Lots of diet books among the new releases these days (in preparation for the post-holiday food guilt one assumes), but readers will also find a vibrant new “biography-in-collage” out this week, Radioactive: Marie & Pierre Curie, A Tale of Love and Fallout by Lauren Redniss.
Will Staehle designed the cover art for Michael Chabon’s latest novel, Telegraph Avenue (Millions review), and his finished project is certainly eye-catching. But what of the designs that didn’t make the final cut? Over at the Huffington Post, you can take a look at some of his other ideas.
James Baldwin was more famous for being an essayist and novelist, but he was also a film critic. At The Atlantic, Noah Berlatsky argues that Baldwin should be considered one of the best film critics for The Devil Finds Work. "Baldwin shows that criticism is art, which means that it doesn't need a purpose or a rationale other than truth, or beauty, or keeping faith, or doing whatever it is we think art is trying to do." For more on Baldwin, read our essay on his epiphanies.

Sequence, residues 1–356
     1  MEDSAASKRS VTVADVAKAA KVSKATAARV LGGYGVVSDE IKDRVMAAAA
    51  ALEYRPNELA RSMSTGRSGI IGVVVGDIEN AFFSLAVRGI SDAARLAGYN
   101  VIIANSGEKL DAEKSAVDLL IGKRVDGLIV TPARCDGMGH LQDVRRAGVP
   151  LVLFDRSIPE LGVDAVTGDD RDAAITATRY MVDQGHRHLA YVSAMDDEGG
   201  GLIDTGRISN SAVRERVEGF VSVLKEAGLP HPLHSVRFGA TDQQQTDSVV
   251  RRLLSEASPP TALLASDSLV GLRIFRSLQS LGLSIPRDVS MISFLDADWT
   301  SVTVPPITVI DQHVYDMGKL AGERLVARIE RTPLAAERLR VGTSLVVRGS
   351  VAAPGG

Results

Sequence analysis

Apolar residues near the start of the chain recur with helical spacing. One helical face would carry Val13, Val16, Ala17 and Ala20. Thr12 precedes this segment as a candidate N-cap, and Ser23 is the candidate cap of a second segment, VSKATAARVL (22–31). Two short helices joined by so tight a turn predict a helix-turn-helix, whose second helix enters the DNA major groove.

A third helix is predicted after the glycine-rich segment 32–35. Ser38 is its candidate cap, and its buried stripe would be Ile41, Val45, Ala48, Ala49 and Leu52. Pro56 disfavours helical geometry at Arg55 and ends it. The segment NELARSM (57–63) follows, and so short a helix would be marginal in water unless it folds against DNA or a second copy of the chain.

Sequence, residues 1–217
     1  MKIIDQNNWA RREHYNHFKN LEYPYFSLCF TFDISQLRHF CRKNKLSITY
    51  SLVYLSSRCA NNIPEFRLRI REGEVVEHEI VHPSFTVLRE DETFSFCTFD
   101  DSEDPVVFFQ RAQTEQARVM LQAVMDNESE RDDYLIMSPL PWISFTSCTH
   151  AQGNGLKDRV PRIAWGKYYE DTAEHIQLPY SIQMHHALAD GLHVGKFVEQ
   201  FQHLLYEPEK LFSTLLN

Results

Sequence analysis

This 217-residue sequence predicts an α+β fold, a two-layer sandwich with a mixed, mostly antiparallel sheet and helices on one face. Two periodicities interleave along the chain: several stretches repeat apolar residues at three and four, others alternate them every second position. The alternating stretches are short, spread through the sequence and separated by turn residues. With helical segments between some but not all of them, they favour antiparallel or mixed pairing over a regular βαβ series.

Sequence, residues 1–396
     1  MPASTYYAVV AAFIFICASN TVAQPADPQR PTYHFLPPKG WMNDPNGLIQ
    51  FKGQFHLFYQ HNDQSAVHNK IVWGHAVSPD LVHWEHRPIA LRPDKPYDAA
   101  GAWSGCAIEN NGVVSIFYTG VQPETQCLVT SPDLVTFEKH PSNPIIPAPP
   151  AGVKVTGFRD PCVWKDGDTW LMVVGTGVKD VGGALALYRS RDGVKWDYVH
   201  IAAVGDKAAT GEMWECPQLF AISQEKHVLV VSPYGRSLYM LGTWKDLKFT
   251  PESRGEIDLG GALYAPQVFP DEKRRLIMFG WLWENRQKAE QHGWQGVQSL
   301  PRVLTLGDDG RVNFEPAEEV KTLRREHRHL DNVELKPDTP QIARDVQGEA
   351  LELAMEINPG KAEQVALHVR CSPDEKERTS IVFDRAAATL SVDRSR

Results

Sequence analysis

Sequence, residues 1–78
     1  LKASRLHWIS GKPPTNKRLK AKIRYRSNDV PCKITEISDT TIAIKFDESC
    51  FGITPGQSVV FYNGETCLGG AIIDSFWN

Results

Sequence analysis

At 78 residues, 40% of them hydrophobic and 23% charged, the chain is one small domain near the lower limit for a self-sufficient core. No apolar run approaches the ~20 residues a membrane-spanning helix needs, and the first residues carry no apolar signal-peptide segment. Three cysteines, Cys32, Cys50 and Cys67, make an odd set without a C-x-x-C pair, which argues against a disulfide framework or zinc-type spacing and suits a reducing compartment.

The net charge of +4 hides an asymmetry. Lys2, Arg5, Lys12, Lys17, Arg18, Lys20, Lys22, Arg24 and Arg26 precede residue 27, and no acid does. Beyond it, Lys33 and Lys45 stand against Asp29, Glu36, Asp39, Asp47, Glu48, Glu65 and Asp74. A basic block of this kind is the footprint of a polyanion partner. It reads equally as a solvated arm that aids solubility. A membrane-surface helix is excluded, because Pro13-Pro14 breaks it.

In 1862, Fyodor Dostoevsky met Charles Dickens… Or did he? In a thoroughly researched piece for the Times Literary Supplement, Eric Naiman tells the thrilling story of how one – or two? or several? – hoaxers managed to dupe biographers, New York Times reviewers, London Review of Books editors as well as readers of numerous scholarly publications. Long story short: be wary of ostentatious “nipple” references.
"I remembered Def Leppard for their one-armed drummer arrested for spousal abuse. Meanwhile Prince played, like, twenty different instruments while having sex in the backseat of taxicabs, ducking the Antichrist, and shouting for gun control. Also: girlfriend on drums. What’s fair is fair." The Prince-related thinkpieces have mostly subsided by now, but this new piece by Dave Tompkins at The Paris Review will make you glad that people are continuing to write about him.